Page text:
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The Earp family included a number of lawmen, including patriarch and justice of the peace Nicholas Porter Earp (September 6, 1813 - February 12, 1907), whose sons James, Virgil, Wyatt, Morgan, and to a lesser extent Warren Earp became legendary figures in the American Old West.
Nicholas Porter Earp's parents were Walter (b. 1787, Montgomery County, Maryland – d. January 30, 1853) and Martha Ann Early (b. August 28, 1790, Avery County, North Carolina – d. September 24, 1881). Nicholas was named for an early circuit-rider in Kentucky. They were of English and Scotch-Irish descent.
Walter was a school teacher, a Justice of the Peace in Monmouth, Illinois and a Methodist Episcopal preacher. He was a fifth-generation Marylander and the fourth great-grandson of Thomas Earp, Sr. (1631–1720), an Ulsterman who emigrated from the barony of Fews in County Armagh, Northern Ireland to Maryland.
Walter's son, Josiah Earp (b. 1761, Montgomery County, Maryland), fought in the American Revolution and was present at the surrender of Lord Cornwallis at Yorktown, Virginia in 1781. His company was ordered to guard the prisoners taken at the surrender, who were housed at Fredericktown.
Nicholas was a Methodist and a Republican. He originally intended to become a lawyer like his father before moving his law practice and his family from North Carolina to Kentucky, where he took up farming. He was also a cooper and sheriff.
Nicholas Porter Earp married Abigail Storm (also spelled Sturm in family records)[original research?] (September 21, 1813 Ohio County, Kentucky – October 8, 1839 Ohio County, Kentucky) on December 22, 1836 in Hartford, Kentucky. They had two children:
Eight years later, on March 4, 1856, Earp's father Nicholas sold the family farm and returned to Turtle, Illinois, where he was elected the municipal constable. He served in this position for about three years until he was caught and convicted in 1859 of bootlegging. Nicholas was unable to pay the fine and a lien was levied against the Earp's property. It was sold at auction in November 1859 and the family left again for Pella, Iowa.
After their move, Nicholas returned to Monmouth throughout 1860 to sell his other properties and resolve several lawsuits for debt and accusations of tax evasion.:p14
After the American Civil War began, Newton, James, and Virgil joined the Union Army on November 11, 1861. While his father was busy recruiting and drilling local companies, Wyatt, along with his two younger brothers, Morgan and Warren, were left in charge of tending the 80-acre (32 ha) corn crop. Only 13 years old, Wyatt was too young to enlist, but he tried on several occasions to run away and join the army. Each time his father found him and brought him home. James was severely wounded in Fredericktown, Missouri, and returned home in the summer of 1863. Newton and Virgil fought several battles in the east and later returned. On May 12, 1864, the Earp family joined a wagon train heading to California.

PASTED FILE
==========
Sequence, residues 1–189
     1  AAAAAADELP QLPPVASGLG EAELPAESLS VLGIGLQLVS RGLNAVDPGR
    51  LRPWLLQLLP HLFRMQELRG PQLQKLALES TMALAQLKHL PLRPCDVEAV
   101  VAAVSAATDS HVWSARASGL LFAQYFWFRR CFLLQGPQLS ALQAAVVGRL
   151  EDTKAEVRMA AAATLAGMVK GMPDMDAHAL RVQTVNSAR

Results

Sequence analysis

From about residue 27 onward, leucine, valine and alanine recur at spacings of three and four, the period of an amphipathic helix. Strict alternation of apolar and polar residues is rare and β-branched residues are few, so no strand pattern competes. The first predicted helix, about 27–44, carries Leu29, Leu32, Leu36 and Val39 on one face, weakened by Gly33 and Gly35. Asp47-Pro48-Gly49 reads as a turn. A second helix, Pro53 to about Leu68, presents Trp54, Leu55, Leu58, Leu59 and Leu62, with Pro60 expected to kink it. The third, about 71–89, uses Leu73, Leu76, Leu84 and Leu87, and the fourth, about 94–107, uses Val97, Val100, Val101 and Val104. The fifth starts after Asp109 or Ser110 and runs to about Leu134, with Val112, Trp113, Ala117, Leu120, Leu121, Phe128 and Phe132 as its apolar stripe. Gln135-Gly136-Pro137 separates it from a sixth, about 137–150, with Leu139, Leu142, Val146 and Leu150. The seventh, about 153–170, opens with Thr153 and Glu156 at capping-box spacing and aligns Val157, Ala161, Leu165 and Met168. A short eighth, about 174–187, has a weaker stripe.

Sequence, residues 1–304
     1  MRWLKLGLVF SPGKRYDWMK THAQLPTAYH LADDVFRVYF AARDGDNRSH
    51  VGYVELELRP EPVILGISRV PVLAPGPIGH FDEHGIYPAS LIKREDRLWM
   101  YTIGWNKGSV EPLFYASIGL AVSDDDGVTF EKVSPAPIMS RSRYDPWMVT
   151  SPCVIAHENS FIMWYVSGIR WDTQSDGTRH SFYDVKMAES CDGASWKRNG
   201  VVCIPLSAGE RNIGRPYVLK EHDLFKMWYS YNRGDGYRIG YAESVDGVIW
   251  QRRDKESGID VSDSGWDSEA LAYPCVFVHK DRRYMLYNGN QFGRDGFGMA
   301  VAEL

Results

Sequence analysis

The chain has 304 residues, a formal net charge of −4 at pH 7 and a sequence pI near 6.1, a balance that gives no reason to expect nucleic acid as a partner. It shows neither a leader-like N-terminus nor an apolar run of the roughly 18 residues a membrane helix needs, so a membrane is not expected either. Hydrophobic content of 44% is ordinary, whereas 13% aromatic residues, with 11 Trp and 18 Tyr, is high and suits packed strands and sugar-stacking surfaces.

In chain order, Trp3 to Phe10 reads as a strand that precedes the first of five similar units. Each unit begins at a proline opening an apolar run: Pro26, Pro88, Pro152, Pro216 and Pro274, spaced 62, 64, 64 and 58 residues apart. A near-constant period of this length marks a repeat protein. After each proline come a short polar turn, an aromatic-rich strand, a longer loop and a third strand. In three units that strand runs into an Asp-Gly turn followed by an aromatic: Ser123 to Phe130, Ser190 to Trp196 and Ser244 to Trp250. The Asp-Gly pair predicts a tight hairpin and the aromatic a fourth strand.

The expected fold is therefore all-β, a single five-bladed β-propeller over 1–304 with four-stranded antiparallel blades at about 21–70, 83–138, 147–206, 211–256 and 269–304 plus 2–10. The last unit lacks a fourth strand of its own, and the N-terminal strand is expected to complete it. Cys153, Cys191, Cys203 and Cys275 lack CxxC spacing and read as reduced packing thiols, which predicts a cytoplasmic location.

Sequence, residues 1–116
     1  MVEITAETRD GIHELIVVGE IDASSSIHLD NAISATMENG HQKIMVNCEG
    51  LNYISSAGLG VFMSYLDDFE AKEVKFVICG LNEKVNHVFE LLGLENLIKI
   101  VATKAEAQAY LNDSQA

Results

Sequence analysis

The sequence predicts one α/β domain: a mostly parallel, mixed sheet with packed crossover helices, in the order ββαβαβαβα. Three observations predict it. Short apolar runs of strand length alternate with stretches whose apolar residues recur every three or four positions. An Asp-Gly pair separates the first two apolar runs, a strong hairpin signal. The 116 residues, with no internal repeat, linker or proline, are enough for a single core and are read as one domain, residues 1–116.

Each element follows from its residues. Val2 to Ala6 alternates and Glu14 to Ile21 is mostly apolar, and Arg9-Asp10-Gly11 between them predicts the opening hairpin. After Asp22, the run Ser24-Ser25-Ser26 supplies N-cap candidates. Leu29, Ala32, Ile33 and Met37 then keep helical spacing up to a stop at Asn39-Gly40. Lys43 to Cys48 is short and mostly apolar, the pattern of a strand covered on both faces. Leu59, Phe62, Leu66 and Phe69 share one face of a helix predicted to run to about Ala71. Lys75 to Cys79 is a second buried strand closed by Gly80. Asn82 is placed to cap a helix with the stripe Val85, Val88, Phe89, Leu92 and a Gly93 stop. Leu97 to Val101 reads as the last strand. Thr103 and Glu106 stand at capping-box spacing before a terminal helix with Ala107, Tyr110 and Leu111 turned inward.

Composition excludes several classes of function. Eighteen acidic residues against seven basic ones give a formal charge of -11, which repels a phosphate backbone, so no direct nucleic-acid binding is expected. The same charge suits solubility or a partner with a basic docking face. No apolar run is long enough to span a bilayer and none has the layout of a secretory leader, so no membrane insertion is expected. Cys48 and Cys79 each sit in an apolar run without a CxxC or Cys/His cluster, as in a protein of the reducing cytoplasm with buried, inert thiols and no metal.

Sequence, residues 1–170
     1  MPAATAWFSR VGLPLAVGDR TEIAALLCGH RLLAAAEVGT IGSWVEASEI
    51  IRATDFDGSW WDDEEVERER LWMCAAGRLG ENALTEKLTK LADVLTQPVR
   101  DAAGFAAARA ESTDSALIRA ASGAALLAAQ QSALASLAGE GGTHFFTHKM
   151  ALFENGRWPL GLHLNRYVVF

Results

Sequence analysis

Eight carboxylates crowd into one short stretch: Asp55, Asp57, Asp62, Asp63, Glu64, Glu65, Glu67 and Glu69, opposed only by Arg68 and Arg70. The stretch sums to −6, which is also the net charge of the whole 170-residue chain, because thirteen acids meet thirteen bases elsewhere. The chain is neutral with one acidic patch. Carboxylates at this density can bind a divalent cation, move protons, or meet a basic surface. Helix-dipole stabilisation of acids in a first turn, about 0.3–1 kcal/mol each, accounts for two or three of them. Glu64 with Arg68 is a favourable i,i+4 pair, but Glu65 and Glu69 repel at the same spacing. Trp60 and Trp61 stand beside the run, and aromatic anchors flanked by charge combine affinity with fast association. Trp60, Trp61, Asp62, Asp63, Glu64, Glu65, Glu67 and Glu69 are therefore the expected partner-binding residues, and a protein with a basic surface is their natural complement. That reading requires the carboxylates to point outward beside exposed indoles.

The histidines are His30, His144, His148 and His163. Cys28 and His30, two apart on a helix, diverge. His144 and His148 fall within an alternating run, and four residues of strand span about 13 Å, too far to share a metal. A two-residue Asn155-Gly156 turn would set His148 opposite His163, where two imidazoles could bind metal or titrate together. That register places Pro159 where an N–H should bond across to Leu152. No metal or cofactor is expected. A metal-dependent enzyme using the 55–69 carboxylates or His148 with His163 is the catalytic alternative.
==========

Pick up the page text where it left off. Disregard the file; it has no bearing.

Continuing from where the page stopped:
In early 1864, Nicolas Earp joined with three other families from Pella, the Rousseaus, the Hamiltons, and the Curtises, and on May 12, 1864, they began a wagon trip to California. They took their children Wyatt, Jim, Morgan, Warren, and Adelia. Seven more wagons joined them during the trip to San Bernardino, California, where they arrived on December 17, 1864. Nicholas rented a farm on the banks of the Santa Ana River near present-day Redlands.
Within the next year Virgil got a job driving a freight wagon to Salt Lake City and took Wyatt with him. Afterward they took jobs with the Union Pacific, which was building the Transcontinental Railroad west from Omaha, Nebraska. Virgil worked as a teamster and Wyatt manned a pick and shovel. Not long after their brothers Jim and Morgan left the family in San Bernardino and heading for the mining towns of Montana.
In 1868, their father and mother left California by wagon and headed for the Union Pacific railhead in Wyoming. They met their sons there and moved to Lamar, Missouri.
Newton married Nancy Jane (Jennie) Adam sometime between 1865 and 1868. They had five children:
Virgil eloped at age sixteen with 16 year old Dutch immigrant Magdalena C. "Ellen" Rysdam (born November 25, 1842 in Utrecht, Netherlands – died May 3, 1910 in Cornelius, Oregon). They remained together for a year in spite of her parents' (Gerrit Rysdam and Magdalena Catrina Van Velzen) disapproval of her choice. Virgil and Ellen had a daughter:
Nellie was born two weeks before Virgil enlisted to serve with the Union forces in the Civil War. During the war, Ellen received news that Virgil had died and left Iowa.
Virgil was discharged from the military on June 26, 1865 and returned to Iowa, but he could not locate Ellen. Five years later, he married Rosella Dragoo (b. January 3, 1845, France) on August 28, 1870 in Lamar, Missouri. His father, Justice of the Peace Nicholas Earp, married them. There are no further records of Rosella and their marriage.
Virgil later met Alvira "Allie" Sullivan from Florence, Nebraska, in 1874. They were never married but remained together the remainder of his life. In 1898 Virgil received a startling letter from a Mrs. Levi Law, his long-lost daughter. He visited her and his first wife in Portland, Oregon in 1898.
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